“All this has happened before, and all of it will happen again.”

Wearables are a hot buzzword right now, and that’s putting it lightly. As the smartphone and tablet markets mature, device manufacturers are looking toward other markets to continue growth and drive shoppers towards their offerings. I’ve been coming to terms slowly with the realization that smartphones are now a mainstream thing, and we’re getting increasingly close to the flat part of an S curve, at least in the short term, and the re-emergence of wearables like the Galaxy Gear and other smartwatches just underscores it.

The reality of course is that there’s a cycle here, and even one as nascent (or maybe not so) as the mobile space has a certain cadence. Anand wrote about Samsung’s S9110 watch phone, which came before the Galaxy Gear in 2009 but looks a whole lot like it. Before that was the Samsung SPH-WP10 watch phone, which included basic call capabilities. It’s interesting how for some the smartwatch space seems new when really it isn’t, but that’s really a tangential subject.

Right now we’re looking at Galaxy Gear, Samsung’s Android-based smart watch and companion device to the Galaxy Note 3. I’ve been wearing Galaxy Gear for the past few days trying my best to get a feel for how it fits in among the other smartwatch entries. I’ve been wearing a Pebble pretty much nonstop since getting mine just after they started shipping, so it’s my primary comparison point for the Gear, although I enjoyed wearing many other analog and digital watches before jumping on the smartwatch bandwagon.

First off the Galaxy Gear feels surprisingly well constructed. I’m actually a lot more impressed with build quality of the Gear than I thought I would be. The Galaxy Gear doesn’t have the same kind of heft that I’m used to with other high end timepieces, which is probably a good thing.

Gear feels comfortable on the wrist without any sharp edges or points, which is great since the band that comes on it isn’t removable. The band is a thick plastic material that out of the box doesn’t have a lot of flex, but will probably loosen up after some time. Samsung goes the right way and ships its band with a clasp rather than a buckle, which is what I vastly prefer if I’m spending good money on a watch. At the bottom of the clasp is a big metal chunk which houses the speakerphone – there’s two notches cut into this just like the battery grille on Samsung’s smartphones for audio to escape out of. The size of this part of the clasp is my only major complaint about the Gear since it’s right where you’re going to make contact with a table when resting your hands on a surface or writing on a keyboard.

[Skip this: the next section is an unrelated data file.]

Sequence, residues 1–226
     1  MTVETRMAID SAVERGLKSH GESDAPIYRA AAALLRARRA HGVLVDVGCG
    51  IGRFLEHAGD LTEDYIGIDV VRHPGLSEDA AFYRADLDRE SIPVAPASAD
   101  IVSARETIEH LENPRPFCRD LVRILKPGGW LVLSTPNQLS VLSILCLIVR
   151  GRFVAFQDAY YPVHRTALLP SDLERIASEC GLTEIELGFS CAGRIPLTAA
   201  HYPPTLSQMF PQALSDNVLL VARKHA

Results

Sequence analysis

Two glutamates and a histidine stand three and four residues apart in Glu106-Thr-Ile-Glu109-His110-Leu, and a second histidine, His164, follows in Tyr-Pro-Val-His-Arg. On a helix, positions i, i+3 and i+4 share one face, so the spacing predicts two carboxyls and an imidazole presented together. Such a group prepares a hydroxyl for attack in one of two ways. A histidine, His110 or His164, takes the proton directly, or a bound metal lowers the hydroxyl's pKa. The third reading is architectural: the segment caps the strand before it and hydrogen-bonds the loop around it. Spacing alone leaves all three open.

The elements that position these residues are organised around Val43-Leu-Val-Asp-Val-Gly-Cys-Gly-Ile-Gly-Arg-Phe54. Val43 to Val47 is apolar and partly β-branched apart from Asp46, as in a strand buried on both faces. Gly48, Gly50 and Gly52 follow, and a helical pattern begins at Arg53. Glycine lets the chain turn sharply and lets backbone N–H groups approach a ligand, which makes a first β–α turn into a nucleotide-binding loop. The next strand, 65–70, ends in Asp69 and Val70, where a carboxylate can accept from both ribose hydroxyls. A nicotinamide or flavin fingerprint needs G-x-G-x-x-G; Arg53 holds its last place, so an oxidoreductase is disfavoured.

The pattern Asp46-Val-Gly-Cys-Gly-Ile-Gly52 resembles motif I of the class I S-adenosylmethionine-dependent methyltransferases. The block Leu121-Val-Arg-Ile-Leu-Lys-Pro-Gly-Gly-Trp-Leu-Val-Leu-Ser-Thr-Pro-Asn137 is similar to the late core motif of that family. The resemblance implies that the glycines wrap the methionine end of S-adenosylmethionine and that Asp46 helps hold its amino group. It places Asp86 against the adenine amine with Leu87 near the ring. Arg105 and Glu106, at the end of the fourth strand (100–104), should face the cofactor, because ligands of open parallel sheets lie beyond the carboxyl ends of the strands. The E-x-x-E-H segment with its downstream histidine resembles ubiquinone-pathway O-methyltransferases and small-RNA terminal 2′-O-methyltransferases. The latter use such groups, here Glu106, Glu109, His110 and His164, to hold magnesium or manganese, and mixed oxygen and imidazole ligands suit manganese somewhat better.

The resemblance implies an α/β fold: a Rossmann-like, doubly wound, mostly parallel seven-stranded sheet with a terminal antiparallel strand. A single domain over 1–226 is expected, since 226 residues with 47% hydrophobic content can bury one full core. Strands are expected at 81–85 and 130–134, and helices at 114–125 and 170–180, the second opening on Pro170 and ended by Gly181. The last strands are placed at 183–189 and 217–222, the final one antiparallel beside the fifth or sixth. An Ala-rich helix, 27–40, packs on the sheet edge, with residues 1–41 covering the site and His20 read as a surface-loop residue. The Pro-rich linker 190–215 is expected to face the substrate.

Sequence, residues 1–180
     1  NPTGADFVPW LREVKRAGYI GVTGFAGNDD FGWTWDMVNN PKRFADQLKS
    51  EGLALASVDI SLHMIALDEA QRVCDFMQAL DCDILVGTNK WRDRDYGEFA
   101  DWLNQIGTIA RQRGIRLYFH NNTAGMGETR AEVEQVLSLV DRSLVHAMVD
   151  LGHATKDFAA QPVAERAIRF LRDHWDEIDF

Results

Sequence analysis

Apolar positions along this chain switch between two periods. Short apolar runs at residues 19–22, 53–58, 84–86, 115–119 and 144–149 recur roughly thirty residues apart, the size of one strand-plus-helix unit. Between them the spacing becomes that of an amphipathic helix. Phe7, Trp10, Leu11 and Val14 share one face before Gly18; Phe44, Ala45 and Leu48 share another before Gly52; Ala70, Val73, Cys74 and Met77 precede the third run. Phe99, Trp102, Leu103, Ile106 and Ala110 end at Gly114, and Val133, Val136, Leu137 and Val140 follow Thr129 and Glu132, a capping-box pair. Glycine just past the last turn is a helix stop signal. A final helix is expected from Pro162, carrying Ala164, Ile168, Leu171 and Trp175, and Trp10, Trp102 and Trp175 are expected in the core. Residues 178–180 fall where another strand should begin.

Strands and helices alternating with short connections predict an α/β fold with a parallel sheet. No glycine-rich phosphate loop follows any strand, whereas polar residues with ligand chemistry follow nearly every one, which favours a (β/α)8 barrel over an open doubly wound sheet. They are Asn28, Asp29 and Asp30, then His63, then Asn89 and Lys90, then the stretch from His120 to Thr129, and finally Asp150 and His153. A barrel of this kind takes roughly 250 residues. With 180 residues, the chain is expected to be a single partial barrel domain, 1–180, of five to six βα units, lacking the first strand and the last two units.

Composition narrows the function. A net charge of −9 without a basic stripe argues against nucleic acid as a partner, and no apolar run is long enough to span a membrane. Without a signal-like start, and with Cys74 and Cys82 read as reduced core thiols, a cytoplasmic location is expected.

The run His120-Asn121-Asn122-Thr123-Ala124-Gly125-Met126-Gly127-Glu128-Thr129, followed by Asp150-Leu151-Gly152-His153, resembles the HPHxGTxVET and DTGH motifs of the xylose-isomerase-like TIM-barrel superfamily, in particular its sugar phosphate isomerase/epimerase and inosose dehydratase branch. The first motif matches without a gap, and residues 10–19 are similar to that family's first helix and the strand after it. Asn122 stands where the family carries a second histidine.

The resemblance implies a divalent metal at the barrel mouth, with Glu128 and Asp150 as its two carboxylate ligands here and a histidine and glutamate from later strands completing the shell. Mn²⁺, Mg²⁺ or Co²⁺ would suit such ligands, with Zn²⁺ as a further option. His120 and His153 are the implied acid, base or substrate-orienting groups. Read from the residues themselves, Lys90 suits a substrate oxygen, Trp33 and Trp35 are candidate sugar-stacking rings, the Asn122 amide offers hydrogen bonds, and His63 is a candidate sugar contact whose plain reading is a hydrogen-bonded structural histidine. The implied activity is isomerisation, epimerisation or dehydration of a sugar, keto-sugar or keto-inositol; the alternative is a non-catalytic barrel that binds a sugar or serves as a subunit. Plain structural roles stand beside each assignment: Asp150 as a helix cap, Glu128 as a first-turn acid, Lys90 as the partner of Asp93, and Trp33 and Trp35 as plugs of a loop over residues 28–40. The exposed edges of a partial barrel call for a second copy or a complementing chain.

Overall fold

The band isn’t removable partly because there’s a camera module about half way up one side of it. This houses the 2 MP camera with autofocus which we’ll talk about more later.

The main watch module has a 1.63 inch Super AMOLED display with 320x320 resolution, there’s glass on top which seems to be scratch resistant, and capacitive multitouch enabled.


Galaxy Gear employs one of the previous generation AMOLED subpixel patterns, but it isn't noticeable

My biggest complaint with the Gear from an industrial design point of view are the screws which seem to adhere the watch face to the body and band. What’s weird is that in the Gear press shots, all the screws are rotated to be horizontal, yet on the actual shipping Gear itself the screws are pointing every which way. By some bizzare twist I actually received two Gears, one in brown, one in orange, and both have these screws not aligned and just pointing whatever haphazard orientation they were torqued to. It’s not exactly the kind of attention to detail I would normally expect for a timepiece, and on the Gear it’s the kind of thing that triggers my OCD every single time I glance at my wrist. It's unfortunate because otherwise the use of metal on the face of the Gear is well excuted, as are the joints where the band meets the watch face.

The body of the watch has two microphones for noise suppression (one on each side of the main watch body), the speakerphone on the bottom, a power button on the right, and of course Bluetooth 4.0 connectivity. There’s also an accelerometer and gyro inside in the form of an Invensense MPU6500. Powering the Galaxy Gear is an Exynos 4212 dual core SoC with one of the cores disabled in software and set to only run at a maximum of 800 MHz. There’s also 512 MB of RAM and 4 GB of internal storage, and a 315 mAh (1.2 Whr) battery inside.